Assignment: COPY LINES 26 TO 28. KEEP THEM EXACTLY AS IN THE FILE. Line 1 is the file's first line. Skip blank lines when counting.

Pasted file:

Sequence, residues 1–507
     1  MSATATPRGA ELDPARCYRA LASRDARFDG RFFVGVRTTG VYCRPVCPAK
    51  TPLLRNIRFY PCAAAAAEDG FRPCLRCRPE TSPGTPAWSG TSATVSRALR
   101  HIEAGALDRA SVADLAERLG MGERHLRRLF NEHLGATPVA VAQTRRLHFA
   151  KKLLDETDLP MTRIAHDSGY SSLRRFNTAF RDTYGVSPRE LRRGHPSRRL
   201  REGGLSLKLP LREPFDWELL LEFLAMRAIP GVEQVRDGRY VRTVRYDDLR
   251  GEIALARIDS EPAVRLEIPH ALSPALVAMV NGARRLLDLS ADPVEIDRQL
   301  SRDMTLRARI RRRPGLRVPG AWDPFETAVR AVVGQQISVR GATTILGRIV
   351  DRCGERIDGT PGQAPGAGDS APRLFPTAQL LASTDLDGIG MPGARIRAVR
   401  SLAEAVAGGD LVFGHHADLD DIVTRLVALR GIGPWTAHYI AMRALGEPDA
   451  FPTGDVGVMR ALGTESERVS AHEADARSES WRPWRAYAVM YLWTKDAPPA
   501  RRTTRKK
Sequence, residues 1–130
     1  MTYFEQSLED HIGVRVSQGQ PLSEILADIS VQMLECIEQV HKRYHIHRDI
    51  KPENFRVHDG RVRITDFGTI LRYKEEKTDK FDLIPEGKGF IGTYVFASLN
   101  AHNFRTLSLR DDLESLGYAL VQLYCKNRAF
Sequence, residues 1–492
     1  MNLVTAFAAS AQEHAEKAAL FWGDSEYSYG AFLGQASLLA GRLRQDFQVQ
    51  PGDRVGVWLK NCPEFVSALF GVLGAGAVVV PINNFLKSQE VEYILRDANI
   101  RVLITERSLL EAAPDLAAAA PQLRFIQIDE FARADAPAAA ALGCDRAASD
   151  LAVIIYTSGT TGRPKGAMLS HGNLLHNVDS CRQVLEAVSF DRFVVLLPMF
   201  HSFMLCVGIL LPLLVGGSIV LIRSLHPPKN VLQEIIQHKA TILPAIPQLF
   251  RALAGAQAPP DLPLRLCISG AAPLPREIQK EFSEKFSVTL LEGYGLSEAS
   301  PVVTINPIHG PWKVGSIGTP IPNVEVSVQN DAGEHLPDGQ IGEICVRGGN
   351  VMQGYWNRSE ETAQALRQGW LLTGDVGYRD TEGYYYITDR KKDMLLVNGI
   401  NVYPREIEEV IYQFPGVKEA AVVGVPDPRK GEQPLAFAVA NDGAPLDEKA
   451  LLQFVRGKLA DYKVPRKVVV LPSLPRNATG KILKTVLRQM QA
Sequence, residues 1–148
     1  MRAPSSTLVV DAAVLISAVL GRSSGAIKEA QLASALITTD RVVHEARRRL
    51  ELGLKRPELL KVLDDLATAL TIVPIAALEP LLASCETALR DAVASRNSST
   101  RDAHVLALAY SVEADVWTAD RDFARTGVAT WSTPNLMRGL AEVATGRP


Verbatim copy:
   401  NVYPREIEEV IYQFPGVKEA AVVGVPDPRK GEQPLAFAVA NDGAPLDEKA
   451  LLQFVRGKLA DYKVPRKVVV LPSLPRNATG KILKTVLRQM QA
Sequence, residues 1–148